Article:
The Plague of Entropy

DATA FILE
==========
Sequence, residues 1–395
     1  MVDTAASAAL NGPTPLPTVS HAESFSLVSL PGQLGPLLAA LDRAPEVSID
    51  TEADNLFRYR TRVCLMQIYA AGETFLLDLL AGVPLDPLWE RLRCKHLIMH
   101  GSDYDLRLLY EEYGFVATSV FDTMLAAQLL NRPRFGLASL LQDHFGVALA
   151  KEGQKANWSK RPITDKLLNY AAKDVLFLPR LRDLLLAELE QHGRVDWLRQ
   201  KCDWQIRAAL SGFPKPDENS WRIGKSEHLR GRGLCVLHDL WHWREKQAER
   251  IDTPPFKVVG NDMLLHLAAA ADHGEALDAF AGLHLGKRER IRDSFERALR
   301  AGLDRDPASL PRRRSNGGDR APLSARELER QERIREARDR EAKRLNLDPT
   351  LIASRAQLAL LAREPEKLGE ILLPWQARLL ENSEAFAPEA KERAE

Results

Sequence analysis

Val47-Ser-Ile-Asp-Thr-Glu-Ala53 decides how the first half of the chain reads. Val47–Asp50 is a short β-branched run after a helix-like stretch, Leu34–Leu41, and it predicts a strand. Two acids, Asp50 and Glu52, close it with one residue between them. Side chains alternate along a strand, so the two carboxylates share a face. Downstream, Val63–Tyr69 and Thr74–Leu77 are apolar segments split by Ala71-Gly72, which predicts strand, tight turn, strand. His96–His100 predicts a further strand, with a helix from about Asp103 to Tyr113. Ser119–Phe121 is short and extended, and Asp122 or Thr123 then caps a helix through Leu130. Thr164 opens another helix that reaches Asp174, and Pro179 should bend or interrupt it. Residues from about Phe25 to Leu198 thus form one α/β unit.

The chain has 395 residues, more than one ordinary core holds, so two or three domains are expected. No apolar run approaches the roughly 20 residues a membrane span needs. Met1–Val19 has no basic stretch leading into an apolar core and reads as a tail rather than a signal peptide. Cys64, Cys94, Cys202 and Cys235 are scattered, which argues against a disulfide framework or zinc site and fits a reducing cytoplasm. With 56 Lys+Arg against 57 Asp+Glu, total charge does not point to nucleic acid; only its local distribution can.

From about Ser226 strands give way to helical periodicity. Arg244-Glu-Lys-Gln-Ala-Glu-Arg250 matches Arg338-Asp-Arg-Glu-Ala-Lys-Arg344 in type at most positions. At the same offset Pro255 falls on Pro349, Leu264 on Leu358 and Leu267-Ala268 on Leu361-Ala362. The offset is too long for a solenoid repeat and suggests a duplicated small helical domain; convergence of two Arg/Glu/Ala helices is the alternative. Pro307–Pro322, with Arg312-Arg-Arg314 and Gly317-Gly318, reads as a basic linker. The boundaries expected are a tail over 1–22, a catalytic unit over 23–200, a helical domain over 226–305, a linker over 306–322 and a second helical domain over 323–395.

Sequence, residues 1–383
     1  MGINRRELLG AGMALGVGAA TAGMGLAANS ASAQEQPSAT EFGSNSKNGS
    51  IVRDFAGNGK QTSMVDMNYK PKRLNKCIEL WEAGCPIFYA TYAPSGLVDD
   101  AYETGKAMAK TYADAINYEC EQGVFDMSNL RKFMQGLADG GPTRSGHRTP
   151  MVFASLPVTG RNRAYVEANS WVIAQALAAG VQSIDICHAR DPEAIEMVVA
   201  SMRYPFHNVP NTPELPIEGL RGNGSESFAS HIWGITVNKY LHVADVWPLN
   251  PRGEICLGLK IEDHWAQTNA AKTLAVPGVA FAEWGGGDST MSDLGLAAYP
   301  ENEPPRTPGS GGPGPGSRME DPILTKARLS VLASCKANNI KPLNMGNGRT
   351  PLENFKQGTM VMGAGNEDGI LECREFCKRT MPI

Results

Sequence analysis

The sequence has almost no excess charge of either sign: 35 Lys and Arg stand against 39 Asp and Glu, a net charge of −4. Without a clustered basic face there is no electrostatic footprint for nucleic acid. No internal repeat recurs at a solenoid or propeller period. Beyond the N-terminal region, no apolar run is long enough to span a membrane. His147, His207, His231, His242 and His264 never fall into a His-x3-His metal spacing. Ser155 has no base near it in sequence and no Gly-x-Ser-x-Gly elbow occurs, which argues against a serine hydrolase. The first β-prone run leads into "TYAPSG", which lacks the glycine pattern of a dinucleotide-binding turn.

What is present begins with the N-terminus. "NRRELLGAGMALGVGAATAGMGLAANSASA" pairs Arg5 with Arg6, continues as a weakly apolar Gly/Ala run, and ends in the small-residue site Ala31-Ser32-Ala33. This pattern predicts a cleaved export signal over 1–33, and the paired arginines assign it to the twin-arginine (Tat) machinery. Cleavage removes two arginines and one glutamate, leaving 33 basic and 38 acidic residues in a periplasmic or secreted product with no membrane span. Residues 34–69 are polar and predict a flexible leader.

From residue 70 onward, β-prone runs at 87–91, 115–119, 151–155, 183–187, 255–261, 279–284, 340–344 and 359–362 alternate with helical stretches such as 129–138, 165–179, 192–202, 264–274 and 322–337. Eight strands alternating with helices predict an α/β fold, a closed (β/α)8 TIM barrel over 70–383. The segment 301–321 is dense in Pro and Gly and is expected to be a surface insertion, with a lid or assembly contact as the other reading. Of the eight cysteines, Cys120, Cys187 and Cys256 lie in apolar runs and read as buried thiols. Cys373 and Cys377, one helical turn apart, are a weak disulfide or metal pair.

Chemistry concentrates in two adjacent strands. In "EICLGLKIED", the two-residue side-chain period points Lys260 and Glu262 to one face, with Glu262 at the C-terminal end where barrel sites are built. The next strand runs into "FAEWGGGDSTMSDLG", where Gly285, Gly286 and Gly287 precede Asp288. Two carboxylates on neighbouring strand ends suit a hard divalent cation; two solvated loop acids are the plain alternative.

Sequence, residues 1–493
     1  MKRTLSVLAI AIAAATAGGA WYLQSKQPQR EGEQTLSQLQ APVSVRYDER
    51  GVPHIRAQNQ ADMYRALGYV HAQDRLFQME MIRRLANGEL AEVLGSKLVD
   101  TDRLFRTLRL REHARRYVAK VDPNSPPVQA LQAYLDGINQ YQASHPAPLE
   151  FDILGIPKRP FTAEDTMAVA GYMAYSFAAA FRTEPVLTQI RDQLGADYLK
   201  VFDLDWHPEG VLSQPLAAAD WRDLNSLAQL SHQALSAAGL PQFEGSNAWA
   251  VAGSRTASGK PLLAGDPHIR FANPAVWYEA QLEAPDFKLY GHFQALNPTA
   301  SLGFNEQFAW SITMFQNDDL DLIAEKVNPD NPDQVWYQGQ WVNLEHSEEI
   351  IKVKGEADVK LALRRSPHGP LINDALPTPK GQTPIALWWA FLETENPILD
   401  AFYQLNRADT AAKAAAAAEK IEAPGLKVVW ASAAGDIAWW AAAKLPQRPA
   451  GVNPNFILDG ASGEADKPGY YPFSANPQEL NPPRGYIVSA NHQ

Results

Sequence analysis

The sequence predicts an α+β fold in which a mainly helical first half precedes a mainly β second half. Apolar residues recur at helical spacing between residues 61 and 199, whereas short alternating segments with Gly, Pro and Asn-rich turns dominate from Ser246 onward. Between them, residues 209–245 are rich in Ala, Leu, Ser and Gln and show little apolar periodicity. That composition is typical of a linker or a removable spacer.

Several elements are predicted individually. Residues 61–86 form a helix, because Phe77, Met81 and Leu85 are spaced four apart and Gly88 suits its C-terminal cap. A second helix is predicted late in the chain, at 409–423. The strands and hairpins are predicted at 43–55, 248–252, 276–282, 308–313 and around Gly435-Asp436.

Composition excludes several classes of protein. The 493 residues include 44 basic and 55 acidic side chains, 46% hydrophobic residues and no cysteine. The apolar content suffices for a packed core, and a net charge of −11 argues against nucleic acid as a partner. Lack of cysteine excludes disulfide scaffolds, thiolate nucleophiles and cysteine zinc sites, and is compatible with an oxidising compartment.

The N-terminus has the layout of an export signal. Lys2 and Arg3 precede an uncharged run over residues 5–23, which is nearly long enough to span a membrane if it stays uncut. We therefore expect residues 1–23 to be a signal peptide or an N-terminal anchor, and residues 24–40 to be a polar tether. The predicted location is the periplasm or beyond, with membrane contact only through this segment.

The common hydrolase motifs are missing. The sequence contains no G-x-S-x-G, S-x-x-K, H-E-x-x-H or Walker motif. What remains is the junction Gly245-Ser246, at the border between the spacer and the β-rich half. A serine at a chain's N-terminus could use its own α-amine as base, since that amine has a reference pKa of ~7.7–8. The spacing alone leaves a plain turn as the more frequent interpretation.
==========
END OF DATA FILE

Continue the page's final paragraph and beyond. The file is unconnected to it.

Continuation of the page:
By James WhittakerMathematically entropy is a measure of uncertainty. If there are, say, five events then maximum entropy occurs when those five events are equally likely and minimum entropy when one of those events is certain and the other four impossible. The more uncertain events you have to consider, the higher measured entropy climbs. People often think of entropy as a measure of randomness: the more (uncertain) events one must consider, the more random the outcome becomes. Testers introduce entropy into development by adding to the number of things a developer has to do. When developers are writing code, entropy is low. When we submit bugs, we increase entropy. Bugs divert their attention from coding. They must now progress in parallel on creating and fixing features. More bugs means more parallel tasks and raises entropy. This entropy is one reason that bugs foster more bugs ... the entropic principle ensures it. Entropy creates more entropy! Finally there is math to show what is intuitively appealing: that prevention beats a cure. However, there is nothing we can do to completely prevent the plague of entropy other than create developers who never err. Since this is unlikely any time soon we must recognize how and when we are introducing entropy and do what we can to manage it. The more we can do during development the better. Helping out in code reviews, educating our developers about test plans, user scenarios and execution environments so they can code against them will reduce the number of bugs we have to report. Smoking out bugs early, submitting them in batches and making sure we submit only high quality bugs by triaging them ourselves will keep their mind on development. Writing good bug reports and quickly regressing fixes will keep their attention where it needs to be. In effect, it maximizes the certainty of the 'development event' and minimizes the number and impact of bugs. Entropy thus tends toward it's minimum. We can't banish this plague but if we can recognize the introduction of entropy into development and understand its inevitable effect on code quality, we can keep it at bay.